A Supplement to the London Gazette, published last night, contains the Roll of the Baronets of England, Ireland, Scotland, Great Britain, and. the United Kingdom, which has been prepared in conformity with the Royal Warrant dated February 8, 1910. The Roll was submitted to the King on December 19 last. It contains the names of 1,309 baronets, of creation ranging from May 22, 1611, to October 17, 1913 (Sir David Burnett, the last Lord Mayor). Many of these titles are not familiar to the public, being merged in peerage titles. Thus, the eight creations of May 22, 1611, are:Bacon of Redgrave; Molyneux of Sefton (Earl of Sefton); Shirley of Staunton Harold (Earl Ferrers); Pelham of Laughton (Earl of Chichester); Hoghton, now De Hoghton of Hoghton Tower; Hobart, now Hobart-Hampden-Mercer-Henderson of Intwood (Earl of Buckinghamshire); Gerard of Brynne (Lord Gerard); St. John of Lydeard Tregose (Viscount Bolingbroke and St. John); and Shelley of Michelgrove. Six of these, all baronetcies of England, are merged in peerages. The senior baronet of Ireland is Sir Algernon Coote of Castle Cuffe (April 2, 1621); the senior of Scotland is Innes, now Innes-Ker of Innes (the Duke of Roxburghe, May 28, 1625); the senior of Great Britain is Sir John Dashwood of West Wycombe (June 28, 1707); and the senior of the United Kingdom is Saumarez of Guernsey (Lord De Saumarez, June 13, 1801). From the last date all creations have been of the United Kingdom.
A note appended to the baronetcy of Burnaby of Broughton Hall (Great Britain, October 31, 1767) says:" No information can be obtained by the Registrar as to Sir Henry Burnaby. It is not known whether he is alive."
For convenience of reference an alphabetical list of the baronets, each with his number on the roll, is given.
Prefixed is a historical review of the circumstances which led up to the formation of the Roll.
Mr. Akers-Douglas (now Viscount Churston), who was then Home Secretary, on November 3, 1905, appointed a Departmental Committee to consider and report whether any, and if so what, steps should be taken to safeguard the status of the holders of baronetcies, and to prevent the assumption of the title baronet by persons who have no right thereto. The Committee were presided over by the Earl of Pembroke and Montgomery and issued their report on December 12, 1906 :
The Committee were satisfied on the evidence brought before them that a certain number of persons had assumed the title of baronet, either wrongfully, or on a very doubtful basis : they considered various schemes which were submitted to them With the object of dealing with the evil ; and they finally recommended the preparation by the Home Office of a Roll of Baronets to include all persons who should for the future be officially recognized and entitled to the dignity.
Accordingly a Royal Warrant was issued on February 8, 1910, to give effect to the Committee's recommendation. The Warrant provided that an official Roll of Baronets should prepared and kept in the Home Office, and no person not entered on it shall be received as a baronet.
Mr. (now Sir) W. P. Byrne was appointed Registrar of the Baronetage, and Mr. R. F. Reynard, I.S.O., Assistant Registrar, and in their report dated December 1, 1913, they say :
"The investigations of the doubtful claims to baronetcies have necessarily been spread over a long period, and, although a few cases are still outstanding, the Secretary of State has decided that the Roll shall be submitted to the King, in the accompanying form. It is impossible to postpone the publication of the Roll until every claimant has completed the inquiries which may produce evidence in support of his claim. The issue of successive annual editions will enable corrections to bo made from time to time, and will allow of the Roll being eventually brought up to the highest standard of accuracy and completeness of which the subject-matter permits.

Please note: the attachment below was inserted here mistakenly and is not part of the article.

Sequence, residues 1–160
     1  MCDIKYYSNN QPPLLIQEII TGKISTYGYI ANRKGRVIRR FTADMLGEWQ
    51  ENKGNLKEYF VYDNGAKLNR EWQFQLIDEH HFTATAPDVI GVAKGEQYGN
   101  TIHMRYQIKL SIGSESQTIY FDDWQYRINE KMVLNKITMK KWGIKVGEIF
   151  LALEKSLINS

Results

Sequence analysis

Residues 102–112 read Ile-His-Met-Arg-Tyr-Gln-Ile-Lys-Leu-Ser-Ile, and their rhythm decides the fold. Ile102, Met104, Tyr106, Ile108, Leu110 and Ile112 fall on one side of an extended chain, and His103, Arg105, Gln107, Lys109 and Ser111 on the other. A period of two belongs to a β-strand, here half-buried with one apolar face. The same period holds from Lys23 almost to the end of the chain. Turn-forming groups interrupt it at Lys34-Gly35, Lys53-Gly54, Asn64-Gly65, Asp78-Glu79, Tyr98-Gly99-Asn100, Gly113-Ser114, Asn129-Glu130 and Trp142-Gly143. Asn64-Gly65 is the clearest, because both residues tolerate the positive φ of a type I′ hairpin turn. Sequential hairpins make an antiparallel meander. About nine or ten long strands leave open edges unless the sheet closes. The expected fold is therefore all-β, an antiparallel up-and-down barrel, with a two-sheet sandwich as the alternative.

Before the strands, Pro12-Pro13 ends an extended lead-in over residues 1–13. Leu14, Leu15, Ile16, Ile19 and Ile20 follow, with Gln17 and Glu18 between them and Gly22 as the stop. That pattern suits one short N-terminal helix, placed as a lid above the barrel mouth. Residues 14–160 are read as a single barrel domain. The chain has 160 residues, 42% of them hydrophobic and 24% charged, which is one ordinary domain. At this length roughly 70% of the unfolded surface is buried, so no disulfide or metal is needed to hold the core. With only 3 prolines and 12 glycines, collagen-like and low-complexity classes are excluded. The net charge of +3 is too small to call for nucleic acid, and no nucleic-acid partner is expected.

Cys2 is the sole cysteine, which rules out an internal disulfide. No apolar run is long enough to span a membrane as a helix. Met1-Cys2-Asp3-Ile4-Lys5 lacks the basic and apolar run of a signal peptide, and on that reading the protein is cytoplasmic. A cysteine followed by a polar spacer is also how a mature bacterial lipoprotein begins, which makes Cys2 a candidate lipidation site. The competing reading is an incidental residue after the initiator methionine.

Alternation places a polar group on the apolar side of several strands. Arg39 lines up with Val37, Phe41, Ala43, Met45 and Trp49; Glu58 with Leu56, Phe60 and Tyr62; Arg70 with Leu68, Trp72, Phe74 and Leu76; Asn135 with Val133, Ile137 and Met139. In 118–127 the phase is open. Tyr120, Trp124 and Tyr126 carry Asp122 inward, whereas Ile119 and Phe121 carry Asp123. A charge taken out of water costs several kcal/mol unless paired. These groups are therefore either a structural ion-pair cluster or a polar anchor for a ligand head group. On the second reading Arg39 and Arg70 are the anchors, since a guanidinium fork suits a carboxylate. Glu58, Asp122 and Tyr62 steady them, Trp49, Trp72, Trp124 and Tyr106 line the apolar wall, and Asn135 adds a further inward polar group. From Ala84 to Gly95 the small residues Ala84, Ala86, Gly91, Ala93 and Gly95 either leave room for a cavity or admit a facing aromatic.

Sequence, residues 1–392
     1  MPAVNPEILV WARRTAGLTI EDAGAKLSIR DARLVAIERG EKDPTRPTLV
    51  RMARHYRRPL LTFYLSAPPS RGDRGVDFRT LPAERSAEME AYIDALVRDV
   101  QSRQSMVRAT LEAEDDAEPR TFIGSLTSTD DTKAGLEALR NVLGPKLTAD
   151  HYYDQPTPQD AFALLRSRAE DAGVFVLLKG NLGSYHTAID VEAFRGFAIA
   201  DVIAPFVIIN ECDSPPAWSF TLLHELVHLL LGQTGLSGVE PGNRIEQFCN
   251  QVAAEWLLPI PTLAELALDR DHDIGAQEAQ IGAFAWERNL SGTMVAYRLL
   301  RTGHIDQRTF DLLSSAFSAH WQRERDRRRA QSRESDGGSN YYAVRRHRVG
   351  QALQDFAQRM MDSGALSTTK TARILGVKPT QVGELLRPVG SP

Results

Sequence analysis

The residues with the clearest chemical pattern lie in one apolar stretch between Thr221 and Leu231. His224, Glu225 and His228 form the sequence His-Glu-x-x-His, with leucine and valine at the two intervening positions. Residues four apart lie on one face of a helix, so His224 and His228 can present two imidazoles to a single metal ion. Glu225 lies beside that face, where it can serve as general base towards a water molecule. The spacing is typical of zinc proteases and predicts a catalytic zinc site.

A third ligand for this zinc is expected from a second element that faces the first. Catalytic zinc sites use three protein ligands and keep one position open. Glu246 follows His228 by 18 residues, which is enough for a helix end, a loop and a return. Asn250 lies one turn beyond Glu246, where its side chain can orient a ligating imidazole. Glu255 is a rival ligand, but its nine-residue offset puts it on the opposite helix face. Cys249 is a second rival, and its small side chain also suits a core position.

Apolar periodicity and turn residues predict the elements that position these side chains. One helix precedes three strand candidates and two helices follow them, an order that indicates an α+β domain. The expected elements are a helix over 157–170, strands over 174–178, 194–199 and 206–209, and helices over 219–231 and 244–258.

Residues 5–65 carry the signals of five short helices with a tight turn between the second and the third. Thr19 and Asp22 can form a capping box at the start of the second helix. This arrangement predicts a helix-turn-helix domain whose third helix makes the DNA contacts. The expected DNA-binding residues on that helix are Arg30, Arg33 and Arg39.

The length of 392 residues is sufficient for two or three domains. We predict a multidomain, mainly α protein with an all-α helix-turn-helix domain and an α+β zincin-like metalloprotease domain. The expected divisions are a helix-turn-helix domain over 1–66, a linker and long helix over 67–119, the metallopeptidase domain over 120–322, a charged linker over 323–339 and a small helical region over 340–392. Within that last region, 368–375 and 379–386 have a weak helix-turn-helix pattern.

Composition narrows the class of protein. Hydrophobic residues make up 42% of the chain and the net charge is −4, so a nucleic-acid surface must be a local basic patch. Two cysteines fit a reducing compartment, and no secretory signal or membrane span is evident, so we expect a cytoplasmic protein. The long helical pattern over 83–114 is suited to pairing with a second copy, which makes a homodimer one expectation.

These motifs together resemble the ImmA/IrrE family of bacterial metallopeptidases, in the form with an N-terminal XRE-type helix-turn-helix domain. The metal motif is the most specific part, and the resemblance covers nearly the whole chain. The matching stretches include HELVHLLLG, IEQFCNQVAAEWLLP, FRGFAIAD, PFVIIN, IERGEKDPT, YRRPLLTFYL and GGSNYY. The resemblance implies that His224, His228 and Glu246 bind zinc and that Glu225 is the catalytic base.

The Committee of 1905 did not contemplate that strict proof of his right to the title should be exacted from every person claiming to be a baronet. This would be an undoubted hardship in many cases, and, owing to lapse of time, destruction of records, and defects in registration, many genuine baronets would fail to survive the ordeal. The Home Secretary concurs in this view, and in his directions to the Registrar has adopted the recommendations of the Committee, that "the formation of the initial Roll should be a matter in which a wide discretion should be allowed, so that all who can fairly be said to have a good title shall be enrolled, and only cases shall be rejected or put on trial which are clearly bad or open to serious question, or where there are rival claimants."
On this principle names have been admitted to the Roll where there has been bona fide and unchallenged use of the title for several generations, though doubts may be entertained respecting the descent or even the creation of the dignity. It must be remembered that, as the Committee point out, inclusion in the Roll does not give or purport to give an indefeasible title to the person enrolled, it has not the authority of a legal decision, and each entry can and will be cancelled at any time on the production of evidence, or on an adjudication by a competent legal tribunal, against the validity of the claim.
The large majority of cases of doubtful claims have been dealt with sufficiently by the procedure indicated in the Royal Warrantthat is to say, by consultation between the Registrar and the Kings of Arms, Garter, Lyon, and Ulster. The experience and knowledge and the invaluable records of these officers lave been placed freely at the service of the Registrar, and have generally enabled a decision to be arrived at without difficulty.
In a number of cases in which the Secretary of State has found difficulty in advising the Crown on the claim the Attorney-General of England, the Lord-Advocate of Scotland, or the Attorney-General of Ireland have been called into consultation; but in very few instances has it been necessary to have recourse to the final appeal to the Privy Council provided in the Warrant.
Rules to be observed by petitioners praying to be placed or retained on the Roll of Baronets were drawn up by the Privy Council, and, between December 16, 1911, and the present date, formal hearings of four disputed cases have been held.
1. On July 19, 1912, the advice of the Committee of Council that the name of Robert Fraser Turing ought to be entered on the Roll in respect of the Baronetcy of Turing of Foveran was approved by the King.
2. On March 17, 1913, the King approved their report that the name of Anthony Cope should be placed on the Roll in respect of the Baronetcy of Hanwell and Bramshill.
In the other two cases the advice of the Committee was that the names of the claimants should not be placed on the Roll.
Each baronetcy named in the Roll bears, as far as can be ascertained, the name under which it was created ; but where the original name is no longer borne by the holder of the title, the present name is also inserted.
In the preparation of the Roll the Registrar has received much valuable assistance from Dr. Horace Round in connection with difficult genealogical points, and from Mr. P. W. Pixley, Registrar of the Standing Committee of the Baronetage, who made suggestions as to the form and contents of the Roll.
It is understood that many baronets desired the addition of a distinctive title, some suggesting " The Honourable," so that a baronet would be "The Honourable Sir," while others favoured the appellation " Sir Baronet ." But these suggestions were not adopted.
1309 names as of December 1913
1525 names as of Jan 31, 1947
1495 names as of Jan 31, 1956, including 32 unclaimed baronetcies